The heroes of the fiery furnace story are Shadrach, Meshach, and Abednego, but they are quiet heroes, speaking a mere forty-one (Hebrew) words in a single speech (vv. 16–18). The Chaldeans and the king are regular chatterboxes by comparison. The Jews are also collective heroes – that is, never do we hear of just Shadrach or Meshach. Never Abednego. They are always and everywhere “Shadrach, Meshach, and Abednego,” even in their speech. They are, simply, the trio of Jews who won’t bow down.

So when they finally do pipe up, to paraphrase the old E. F. Hutton commercials, we need to listen. Actually, whenever biblical characters talk, we need to listen – not because they are always saying what’s right or profound or because they are telling us what to do. We need to listen because the narrator picks and chooses what (and who) we get to hear in any story, so when he lets characters speak, he has good reasons. Sometimes speech is a way to assess characters’ motives. Sometimes it’s a window into their thoughts. Sometimes it even helps a narrator structure his story.

In the case of Shadrach, Meshach, and Abednego, the narrator uses the forty-one-word speech to form the heart of his story. Remember the fancy word chiasm that we talked about way back in chapter 2? Chiasm is the way scholars talk about a story that folds over on itself at a center point, which forms the focus of the entire story.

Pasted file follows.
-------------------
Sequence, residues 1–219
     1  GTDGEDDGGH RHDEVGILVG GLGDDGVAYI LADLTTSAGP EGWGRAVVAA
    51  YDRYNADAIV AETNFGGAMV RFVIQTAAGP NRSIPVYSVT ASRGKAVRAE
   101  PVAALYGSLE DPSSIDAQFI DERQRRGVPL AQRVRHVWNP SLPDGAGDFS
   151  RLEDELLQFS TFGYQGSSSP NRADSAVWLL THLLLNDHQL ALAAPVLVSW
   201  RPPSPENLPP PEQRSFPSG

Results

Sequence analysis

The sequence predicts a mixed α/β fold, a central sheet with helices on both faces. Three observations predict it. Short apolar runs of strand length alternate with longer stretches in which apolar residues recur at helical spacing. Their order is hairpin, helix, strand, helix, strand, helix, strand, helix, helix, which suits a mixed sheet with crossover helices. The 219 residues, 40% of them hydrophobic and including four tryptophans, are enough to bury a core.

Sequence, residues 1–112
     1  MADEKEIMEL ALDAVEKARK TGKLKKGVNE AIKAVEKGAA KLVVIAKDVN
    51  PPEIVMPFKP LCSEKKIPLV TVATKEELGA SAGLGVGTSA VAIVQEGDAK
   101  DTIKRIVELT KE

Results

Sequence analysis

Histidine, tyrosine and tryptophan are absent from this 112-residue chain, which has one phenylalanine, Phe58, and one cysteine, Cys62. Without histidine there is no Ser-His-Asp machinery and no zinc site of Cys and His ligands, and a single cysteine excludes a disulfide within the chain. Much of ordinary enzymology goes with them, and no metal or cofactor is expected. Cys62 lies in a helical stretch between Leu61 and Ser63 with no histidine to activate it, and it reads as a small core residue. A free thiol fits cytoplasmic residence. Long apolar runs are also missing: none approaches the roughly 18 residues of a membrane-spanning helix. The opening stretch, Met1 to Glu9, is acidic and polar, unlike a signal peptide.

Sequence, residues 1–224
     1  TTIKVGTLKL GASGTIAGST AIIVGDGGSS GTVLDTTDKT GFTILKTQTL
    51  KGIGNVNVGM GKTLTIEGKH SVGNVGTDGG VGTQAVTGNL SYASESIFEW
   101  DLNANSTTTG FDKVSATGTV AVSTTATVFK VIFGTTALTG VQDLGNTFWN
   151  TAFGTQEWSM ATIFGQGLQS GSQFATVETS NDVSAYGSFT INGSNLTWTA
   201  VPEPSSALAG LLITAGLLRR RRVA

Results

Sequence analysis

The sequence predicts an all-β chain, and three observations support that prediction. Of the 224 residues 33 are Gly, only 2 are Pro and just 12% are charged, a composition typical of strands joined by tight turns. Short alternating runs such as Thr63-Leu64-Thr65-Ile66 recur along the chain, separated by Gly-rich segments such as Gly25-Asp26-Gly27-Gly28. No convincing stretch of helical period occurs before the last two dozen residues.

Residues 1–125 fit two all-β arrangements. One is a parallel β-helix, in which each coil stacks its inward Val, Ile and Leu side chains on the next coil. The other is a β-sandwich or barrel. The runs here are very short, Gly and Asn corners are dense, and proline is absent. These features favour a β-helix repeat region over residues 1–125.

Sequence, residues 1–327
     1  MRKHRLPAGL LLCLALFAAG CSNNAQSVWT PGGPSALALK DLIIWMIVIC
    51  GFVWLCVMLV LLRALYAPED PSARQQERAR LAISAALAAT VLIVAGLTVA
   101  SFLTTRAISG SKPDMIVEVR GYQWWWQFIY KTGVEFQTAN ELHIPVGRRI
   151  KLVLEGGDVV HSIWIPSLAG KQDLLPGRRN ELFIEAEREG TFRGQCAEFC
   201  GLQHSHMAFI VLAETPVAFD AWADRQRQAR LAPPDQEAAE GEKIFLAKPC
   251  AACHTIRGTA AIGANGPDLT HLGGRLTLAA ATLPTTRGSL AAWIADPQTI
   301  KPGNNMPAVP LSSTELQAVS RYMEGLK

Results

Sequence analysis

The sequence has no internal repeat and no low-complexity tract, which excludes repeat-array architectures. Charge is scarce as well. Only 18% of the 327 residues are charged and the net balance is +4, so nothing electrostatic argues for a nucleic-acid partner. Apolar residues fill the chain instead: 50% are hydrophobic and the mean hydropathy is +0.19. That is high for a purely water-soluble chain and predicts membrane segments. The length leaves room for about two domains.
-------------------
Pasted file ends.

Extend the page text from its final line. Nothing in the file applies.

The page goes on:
Take a look at how the story of Shadrach, Meshach, and Abednego forms a fabulous chiasm.

  • A – The king’s decree to worship the golden image (vv. 1–7)
  • B – The three Jews are accused (vv. 8–12)
  • C – The three Jews are threatened (vv. 13–15)
  • D – The three Jews confess their faith (their sole speech) (vv. 16–18)
  • C` – The three Jews are punished (vv. 19–23)
  • B` – The three Jews are vindicated (vv. 24–27)
  • A` – The king’s decree to honor the Jews & their God (vv. 28–30)

All roads lead to the all-important speech of the Jews. We’d better listen.